One fundus which comes up commonly in medical practice is the fundus of the uterus. This area is located in the upper rear of the uterus, as the opening to this organ is the cervix, which is oriented downwards. During pregnancy, as the uterus expands, doctors may measure fundal height to monitor the progress of the pregnancy. This measurement runs from the top of the uterus, as felt by palpation, to the pubic bone and it is usually recorded in a woman's chart so that progress from week to week can be seen at a glance.

In the eye, the retina is sometimes referred to as the fundus of the eye. The retina may be photographed by ophthalmologists to gather information about a patient's eye health. Retinal photographs can reveal details which may not be visible with a physical exam and they can be kept in a patient chart for the purpose of monitoring changes in the eye. This photography is done by dilating the patient's eyes to expose the retina and using a specialized camera to snap a photograph.

The stomach and gallbladder also have structures referred to as the fundus. In the stomach, this region is in the upper left area of the stomach. The fundus provides room for gases which build up in the stomach and can also hold food which has not yet been digested. In the case of the gallbladder, the fundus is at the top of the organ, opposite from the cystic duct.

Some surgical procedures can involve the fundus. Patients who are curious can ask their surgeons for anatomical information so that they can understand more about the surgery. For example, when the gallbladder is removed in a cholecystectomy, the surgeon removes the entire organ, clear to the fundus, and usually sends it to a lab for examination to check for any cell abnormalities which might necessitate follow-up treatment.

The Health Board is dedicated to providing accurate and trustworthy information. We carefully select reputable sources and employ a rigorous fact-checking process to maintain the highest standards. To learn more about our commitment to accuracy, read our editorial process.
Mary McMahon
By Mary McMahon

Ever since she began contributing to the site several years ago, Mary has embraced the exciting challenge of being a The Health Board researcher and writer. Mary has a liberal arts degree from Goddard College and spends her free time reading, cooking, and exploring the great outdoors.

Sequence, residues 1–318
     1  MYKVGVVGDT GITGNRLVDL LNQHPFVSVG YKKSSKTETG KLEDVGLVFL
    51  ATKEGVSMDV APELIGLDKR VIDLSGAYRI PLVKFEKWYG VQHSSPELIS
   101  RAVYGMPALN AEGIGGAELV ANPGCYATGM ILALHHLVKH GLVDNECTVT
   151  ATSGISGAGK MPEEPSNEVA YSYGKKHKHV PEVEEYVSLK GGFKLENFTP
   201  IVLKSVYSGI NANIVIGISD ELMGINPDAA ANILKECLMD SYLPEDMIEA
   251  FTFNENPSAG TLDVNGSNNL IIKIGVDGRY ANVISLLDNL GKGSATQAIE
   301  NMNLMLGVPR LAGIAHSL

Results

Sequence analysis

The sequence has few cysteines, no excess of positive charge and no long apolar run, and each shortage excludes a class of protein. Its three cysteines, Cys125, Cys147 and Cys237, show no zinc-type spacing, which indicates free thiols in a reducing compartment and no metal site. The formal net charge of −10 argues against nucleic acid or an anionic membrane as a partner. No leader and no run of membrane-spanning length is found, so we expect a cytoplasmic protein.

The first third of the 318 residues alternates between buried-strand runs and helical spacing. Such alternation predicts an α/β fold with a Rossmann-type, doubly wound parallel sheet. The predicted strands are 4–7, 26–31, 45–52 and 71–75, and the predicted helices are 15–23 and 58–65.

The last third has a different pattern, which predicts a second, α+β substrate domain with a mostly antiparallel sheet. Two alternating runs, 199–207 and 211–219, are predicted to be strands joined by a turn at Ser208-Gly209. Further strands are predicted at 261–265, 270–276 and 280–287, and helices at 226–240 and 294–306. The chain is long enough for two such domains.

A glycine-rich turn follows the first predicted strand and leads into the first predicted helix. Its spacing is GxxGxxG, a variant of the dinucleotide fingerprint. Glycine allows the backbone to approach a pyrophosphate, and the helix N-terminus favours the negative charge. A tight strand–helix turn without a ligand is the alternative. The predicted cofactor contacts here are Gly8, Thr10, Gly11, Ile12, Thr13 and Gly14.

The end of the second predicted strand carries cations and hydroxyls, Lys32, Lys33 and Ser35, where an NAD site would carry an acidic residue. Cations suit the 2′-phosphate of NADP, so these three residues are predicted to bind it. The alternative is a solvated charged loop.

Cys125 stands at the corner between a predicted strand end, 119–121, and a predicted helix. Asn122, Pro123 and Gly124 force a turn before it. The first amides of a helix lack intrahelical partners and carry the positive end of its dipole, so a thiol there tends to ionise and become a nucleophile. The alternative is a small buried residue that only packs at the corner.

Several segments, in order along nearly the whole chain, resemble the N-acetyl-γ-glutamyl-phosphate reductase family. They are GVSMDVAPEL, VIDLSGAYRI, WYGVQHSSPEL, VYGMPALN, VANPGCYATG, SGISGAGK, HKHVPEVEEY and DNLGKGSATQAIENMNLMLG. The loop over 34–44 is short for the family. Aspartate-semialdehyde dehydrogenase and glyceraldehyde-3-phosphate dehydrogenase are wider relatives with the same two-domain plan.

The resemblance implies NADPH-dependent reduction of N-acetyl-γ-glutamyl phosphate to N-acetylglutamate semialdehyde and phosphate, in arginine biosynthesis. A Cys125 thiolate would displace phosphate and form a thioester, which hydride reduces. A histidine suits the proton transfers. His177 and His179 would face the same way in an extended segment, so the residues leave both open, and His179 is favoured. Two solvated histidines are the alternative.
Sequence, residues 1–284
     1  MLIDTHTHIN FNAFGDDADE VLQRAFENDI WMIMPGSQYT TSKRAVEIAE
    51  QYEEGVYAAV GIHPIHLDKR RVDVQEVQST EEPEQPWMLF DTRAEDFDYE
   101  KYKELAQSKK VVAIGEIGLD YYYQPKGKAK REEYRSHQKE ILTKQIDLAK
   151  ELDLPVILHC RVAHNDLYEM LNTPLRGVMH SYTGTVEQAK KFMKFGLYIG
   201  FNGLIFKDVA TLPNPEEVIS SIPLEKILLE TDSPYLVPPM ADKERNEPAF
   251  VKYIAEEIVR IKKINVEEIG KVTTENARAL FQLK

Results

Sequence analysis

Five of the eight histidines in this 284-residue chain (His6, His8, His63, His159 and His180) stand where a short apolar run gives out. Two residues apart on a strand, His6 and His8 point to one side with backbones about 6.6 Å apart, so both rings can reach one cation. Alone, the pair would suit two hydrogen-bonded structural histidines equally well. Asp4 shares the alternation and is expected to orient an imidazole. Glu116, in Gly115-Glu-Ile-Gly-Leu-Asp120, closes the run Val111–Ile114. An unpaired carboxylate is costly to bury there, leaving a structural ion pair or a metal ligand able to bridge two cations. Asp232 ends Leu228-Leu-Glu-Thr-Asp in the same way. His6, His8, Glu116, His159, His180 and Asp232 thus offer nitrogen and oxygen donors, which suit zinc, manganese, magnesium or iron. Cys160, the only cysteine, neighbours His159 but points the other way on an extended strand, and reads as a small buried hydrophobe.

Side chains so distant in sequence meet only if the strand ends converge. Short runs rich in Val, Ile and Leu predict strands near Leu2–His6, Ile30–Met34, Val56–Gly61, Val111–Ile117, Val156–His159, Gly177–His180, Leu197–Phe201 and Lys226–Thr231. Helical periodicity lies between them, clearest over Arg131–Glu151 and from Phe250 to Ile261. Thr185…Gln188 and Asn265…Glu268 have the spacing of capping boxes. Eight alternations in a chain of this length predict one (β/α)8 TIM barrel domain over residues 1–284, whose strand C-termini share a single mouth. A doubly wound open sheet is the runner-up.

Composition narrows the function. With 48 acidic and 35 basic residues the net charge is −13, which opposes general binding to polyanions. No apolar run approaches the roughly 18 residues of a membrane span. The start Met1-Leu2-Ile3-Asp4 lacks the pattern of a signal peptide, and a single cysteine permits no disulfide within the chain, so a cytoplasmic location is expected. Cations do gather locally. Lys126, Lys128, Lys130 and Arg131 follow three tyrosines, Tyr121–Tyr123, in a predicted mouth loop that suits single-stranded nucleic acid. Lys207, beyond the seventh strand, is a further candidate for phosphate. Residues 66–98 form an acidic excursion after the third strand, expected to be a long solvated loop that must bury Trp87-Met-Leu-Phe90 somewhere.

Discussion Comments
By ElizaBennett — On Jul 10, 2011

@MissDaphne - No, you're not the only one--I had trouble with that, too. It's funny that your doc didn't measure it or anything. My sister had a home birth with her second child and I was there for it, so I also went to one of her checkups (also at home). Her home birth midwife whipped out a tape measure to check the height of the fundus.

You would think that an OB would be more into measuring and making sure everything was just so. Your OB must be a pretty laid-back guy.

By MissDaphne — On Jul 09, 2011

Am I the only one who found it completely impossible to find my fundus when I was pregnant? The books made it sounds like it was really easy and I could sort of tell when it passed behind my belly button because my navel was very sore, but otherwise I could never find the darn thing.

And my doctor made it seem really easy. I would lean back on the table and he would go right to it--no searching or anything--and say "it's right where it should be." So I know I didn't have a defective uterus with no fundus or something, but I never could find what he found.

Mary McMahon
Mary McMahon

Ever since she began contributing to the site several years ago, Mary has embraced the exciting challenge of being a...

Learn more
The Health Board, in your inbox

Our latest articles, guides, and more, delivered daily.

The Health Board, in your inbox

Our latest articles, guides, and more, delivered daily.